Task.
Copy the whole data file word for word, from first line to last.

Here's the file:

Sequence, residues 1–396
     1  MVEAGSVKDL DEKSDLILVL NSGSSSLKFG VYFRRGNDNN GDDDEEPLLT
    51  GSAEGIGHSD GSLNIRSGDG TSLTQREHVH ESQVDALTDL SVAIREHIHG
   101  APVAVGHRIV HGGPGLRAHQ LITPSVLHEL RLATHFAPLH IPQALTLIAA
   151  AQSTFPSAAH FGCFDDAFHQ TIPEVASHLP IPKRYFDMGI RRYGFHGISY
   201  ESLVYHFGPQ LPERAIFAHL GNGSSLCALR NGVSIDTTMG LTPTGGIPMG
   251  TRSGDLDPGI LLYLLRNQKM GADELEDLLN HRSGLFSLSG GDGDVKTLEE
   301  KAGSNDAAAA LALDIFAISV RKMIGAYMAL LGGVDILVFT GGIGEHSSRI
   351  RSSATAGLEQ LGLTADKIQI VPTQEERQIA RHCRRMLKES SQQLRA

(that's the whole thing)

Sequence, residues 1–396
     1  MVEAGSVKDL DEKSDLILVL NSGSSSLKFG VYFRRGNDNN GDDDEEPLLT
    51  GSAEGIGHSD GSLNIRSGDG TSLTQREHVH ESQVDALTDL SVAIREHIHG
   101  APVAVGHRIV HGGPGLRAHQ LITPSVLHEL RLATHFAPLH IPQALTLIAA
   151  AQSTFPSAAH FGCFDDAFHQ TIPEVASHLP IPKRYFDMGI RRYGFHGISY
   201  ESLVYHFGPQ LPERAIFAHL GNGSSLCALR NGVSIDTTMG LTPTGGIPMG
   251  TRSGDLDPGI LLYLLRNQKM GADELEDLLN HRSGLFSLSG GDGDVKTLEE
   301  KAGSNDAAAA LALDIFAISV RKMIGAYMAL LGGVDILVFT GGIGEHSSRI
   351  RSSATAGLEQ LGLTADKIQI VPTQEERQIA RHCRRMLKES SQQLRA